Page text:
Amsterdam gains insight into bicycle mobility with the bicycle counter made by MultiSensors
Every day, as many as 400,000 people in Amsterdam take their bikes to get to their destinations. The popularity of the bicycle continues to grow and with it, the congestion on the bike paths. A challenge for not only the municipality of Amsterdam.
The company MultiSensors asked Ewald Dijkstra, senior advisor mobility research of the team Research and Knowledge at the Traffic and Public Space department of the municipality of Amsterdam , about the challenges in the field of bicycle mobility and why they chose the Signum bicycle counter of MultiSensors.
What are the current mobility challenges within the City of Amsterdam?
“The traffic mobility of cars within the municipality of Amsterdam is well known. Throughout the city there are lots of cameras and sensors that register car traffic and can show how busy it is in certain parts within the city. All this data is used in Amsterdam’s traffic model to make predictions about future, expected traffic intensities.
For the bicycle, this was not possible for a simple reason: there was too little information. The only form of data the municipality received was that from the bicycle loops, the bicycle weeks and from actions such as Ping If You Care. In addition, every other year the municipality does a large-scale survey in which all mobileits forms and quantities are counted at about one hundred and fifty locations. The problem with all these data, however, is that they are snapshots. No conclusion can be drawn from them as to how these numbers compare to other times of the year.
Especially during peak hours and during bicycle jams, when cyclists were standing still around the loop, it appeared that the counts of bicycle loops deviated significantly from reality (Bicycle loops are a measurement system with a loop in the bike path). In addition, the municipality uses counting tubes for temporary surveys. For permanent use, however, these are too fragile.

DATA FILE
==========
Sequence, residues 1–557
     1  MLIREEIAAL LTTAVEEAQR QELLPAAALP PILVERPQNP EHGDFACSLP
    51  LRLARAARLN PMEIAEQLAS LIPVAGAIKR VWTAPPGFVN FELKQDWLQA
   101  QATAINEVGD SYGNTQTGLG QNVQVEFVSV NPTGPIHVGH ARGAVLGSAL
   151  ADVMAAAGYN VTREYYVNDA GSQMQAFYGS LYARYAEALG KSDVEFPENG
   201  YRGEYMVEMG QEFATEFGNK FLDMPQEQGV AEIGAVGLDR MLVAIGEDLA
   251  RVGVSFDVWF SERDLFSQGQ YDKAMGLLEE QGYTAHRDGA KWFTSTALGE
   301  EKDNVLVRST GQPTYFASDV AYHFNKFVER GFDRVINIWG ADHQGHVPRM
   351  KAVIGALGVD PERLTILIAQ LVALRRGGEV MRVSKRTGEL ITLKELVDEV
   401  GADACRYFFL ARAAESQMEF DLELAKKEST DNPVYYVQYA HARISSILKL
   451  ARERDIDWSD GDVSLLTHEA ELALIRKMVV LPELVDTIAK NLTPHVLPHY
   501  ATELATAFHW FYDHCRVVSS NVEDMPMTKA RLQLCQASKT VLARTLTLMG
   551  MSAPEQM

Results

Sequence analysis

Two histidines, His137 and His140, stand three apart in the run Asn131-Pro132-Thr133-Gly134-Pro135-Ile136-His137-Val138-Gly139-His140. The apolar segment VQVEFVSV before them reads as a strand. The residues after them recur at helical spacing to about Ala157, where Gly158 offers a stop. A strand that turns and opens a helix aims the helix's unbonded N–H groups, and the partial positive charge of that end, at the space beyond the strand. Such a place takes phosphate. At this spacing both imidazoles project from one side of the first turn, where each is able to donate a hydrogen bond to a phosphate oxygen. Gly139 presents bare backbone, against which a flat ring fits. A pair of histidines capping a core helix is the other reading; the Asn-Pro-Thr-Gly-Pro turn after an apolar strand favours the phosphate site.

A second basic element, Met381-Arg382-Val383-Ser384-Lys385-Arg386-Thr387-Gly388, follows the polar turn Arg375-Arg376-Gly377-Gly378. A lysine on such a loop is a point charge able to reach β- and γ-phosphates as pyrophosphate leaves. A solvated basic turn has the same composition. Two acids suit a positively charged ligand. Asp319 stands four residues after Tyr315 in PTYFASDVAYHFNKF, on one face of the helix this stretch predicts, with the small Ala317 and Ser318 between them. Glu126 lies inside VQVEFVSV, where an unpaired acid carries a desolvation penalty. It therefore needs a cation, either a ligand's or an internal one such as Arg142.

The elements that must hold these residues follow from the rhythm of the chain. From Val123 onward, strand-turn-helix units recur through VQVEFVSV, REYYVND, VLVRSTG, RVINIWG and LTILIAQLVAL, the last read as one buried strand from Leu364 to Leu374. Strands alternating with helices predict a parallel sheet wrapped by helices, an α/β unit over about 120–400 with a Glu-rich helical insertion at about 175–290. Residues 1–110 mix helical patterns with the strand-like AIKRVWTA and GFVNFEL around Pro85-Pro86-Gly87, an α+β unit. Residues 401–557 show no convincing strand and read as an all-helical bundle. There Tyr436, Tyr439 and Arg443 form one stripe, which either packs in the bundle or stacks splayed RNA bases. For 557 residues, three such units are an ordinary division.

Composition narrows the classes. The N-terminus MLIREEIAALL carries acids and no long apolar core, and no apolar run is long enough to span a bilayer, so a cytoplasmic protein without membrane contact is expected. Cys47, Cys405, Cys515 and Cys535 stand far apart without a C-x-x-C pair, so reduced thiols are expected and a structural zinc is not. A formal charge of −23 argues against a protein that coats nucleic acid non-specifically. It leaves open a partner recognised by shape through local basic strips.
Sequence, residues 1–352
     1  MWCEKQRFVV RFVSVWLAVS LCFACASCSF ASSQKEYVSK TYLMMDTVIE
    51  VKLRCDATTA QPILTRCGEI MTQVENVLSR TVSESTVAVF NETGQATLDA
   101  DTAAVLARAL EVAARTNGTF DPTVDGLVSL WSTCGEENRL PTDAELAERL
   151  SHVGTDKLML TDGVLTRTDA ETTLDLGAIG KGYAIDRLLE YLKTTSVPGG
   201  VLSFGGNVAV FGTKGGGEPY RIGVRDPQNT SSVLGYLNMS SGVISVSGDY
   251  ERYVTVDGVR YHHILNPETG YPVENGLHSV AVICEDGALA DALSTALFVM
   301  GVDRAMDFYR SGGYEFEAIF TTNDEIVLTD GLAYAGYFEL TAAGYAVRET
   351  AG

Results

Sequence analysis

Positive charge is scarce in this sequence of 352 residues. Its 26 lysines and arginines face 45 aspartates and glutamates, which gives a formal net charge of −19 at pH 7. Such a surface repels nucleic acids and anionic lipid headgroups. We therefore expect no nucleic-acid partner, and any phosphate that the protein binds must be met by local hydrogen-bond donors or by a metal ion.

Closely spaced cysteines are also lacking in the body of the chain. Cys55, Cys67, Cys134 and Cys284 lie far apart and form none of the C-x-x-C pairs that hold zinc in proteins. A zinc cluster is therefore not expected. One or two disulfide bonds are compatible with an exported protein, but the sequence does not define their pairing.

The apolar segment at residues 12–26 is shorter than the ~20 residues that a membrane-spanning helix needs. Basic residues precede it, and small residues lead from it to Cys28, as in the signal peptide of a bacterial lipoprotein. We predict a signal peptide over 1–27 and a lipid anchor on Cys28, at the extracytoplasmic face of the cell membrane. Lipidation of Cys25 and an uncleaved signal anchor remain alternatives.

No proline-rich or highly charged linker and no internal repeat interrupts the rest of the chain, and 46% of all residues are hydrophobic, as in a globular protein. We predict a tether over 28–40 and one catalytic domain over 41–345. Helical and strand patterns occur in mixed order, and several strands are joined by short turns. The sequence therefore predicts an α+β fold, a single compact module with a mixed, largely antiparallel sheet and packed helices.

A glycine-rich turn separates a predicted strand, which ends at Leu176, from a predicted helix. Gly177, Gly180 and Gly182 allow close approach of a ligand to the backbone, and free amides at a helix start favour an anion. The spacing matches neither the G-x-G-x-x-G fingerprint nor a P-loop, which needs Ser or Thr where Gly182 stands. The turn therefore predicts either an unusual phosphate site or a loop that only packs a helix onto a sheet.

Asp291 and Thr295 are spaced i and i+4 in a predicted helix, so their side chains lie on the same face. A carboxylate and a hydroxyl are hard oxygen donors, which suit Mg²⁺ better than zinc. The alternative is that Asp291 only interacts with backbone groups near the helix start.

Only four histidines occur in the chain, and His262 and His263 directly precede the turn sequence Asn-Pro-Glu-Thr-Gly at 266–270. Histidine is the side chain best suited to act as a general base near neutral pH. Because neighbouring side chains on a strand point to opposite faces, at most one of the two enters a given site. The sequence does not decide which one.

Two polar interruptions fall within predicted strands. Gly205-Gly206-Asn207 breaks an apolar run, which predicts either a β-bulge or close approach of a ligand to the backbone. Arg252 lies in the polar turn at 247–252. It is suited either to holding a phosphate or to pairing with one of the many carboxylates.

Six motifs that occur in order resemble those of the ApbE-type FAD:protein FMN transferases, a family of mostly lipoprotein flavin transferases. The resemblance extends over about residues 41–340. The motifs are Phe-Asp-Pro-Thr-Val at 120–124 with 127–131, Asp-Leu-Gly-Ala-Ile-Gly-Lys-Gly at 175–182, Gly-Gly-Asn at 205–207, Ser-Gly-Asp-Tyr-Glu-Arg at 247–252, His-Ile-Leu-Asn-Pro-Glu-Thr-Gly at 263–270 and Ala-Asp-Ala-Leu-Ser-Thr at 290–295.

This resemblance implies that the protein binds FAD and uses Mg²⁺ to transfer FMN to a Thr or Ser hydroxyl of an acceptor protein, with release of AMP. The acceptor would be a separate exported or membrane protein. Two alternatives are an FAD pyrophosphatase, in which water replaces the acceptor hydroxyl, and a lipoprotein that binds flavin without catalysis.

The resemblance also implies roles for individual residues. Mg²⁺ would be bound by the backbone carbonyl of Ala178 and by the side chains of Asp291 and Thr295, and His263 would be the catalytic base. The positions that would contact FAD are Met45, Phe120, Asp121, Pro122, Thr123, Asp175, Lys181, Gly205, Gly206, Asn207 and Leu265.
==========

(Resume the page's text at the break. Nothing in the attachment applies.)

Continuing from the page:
Increasingly busy bicycle paths, challenges with bicycle parking and the rise of faster (moped/electric) bicycles require reliable data that provide a picture of bicycle flows and bicycle intensity throughout the year. With reliable and complete data, the City of Amsterdam gets a real picture of the actual bicycle crowding in the city.”
How does MultiSensors’ Signum telradar help with that?
“So the City of Amsterdam needed a reliable system in which at least the relative crowding on a bike path could be determined. In other words, a system that can measure bicycle intensity all year round. With the installation of the Signum telradars, the municipality now has year-round, 24/7 insight into the amount and speed of cyclists passing a given point. This data can be viewed real-time (live) at an aggregated and anonymized level.
The Signum telradar also proves to be a more reliable alternative than manual counts. A comparative study was done at a pilot site (comma away) to verify reliability. The results were very positive. The Signum was found to have a reliability score well above 90%. Even during peak hours and during bicycle congestion, the reliability of the radar remained above 90%.”
What are the data used for, (comma away) that the Signum telradars generate?
“The data are used to measure traffic safety on the bike lanes and gain insight into the various bottlenecks on the bike lanes. The data also help in being able to make the bike lanes safer and be able to optimize the flow of cyclists.”
How did the implementation of the Signum telradars work?
“The implementation of the Signum telradars went well. MultiSensors installed the sensors for the municipality of Amsterdam, which meant the municipality had nothing to worry about. We were then able to easily get all the data at the municipality in the online dashboard. An advantage of the dashboard is that it is clear and simple. You can see per measuring point clearly, easily and in detail what the traffic intensity is.”
Any advice for other municipalities that want to gain more insight into their bicycle mobility?
“When distributing the data, make sure it is bundled in five-minute blocks (busy locations) or multiples of that ( quiet locations). This will make you AVG-compliant as a municipality and the measurement points cannot be traced back to an individual. Before clustering the data, take a short time interval to get the most detailed snapshot possible.
In addition, it is important to investigate whether there is a need for a continuous measurement, or a periodic measurement, such as at the beginning of the school year or during an event. The advantage of a continuous measurement is that it can be used to determine the relative crowding on a bike path. With a periodic measurement, other factors such as events or weather can affect the measurement.”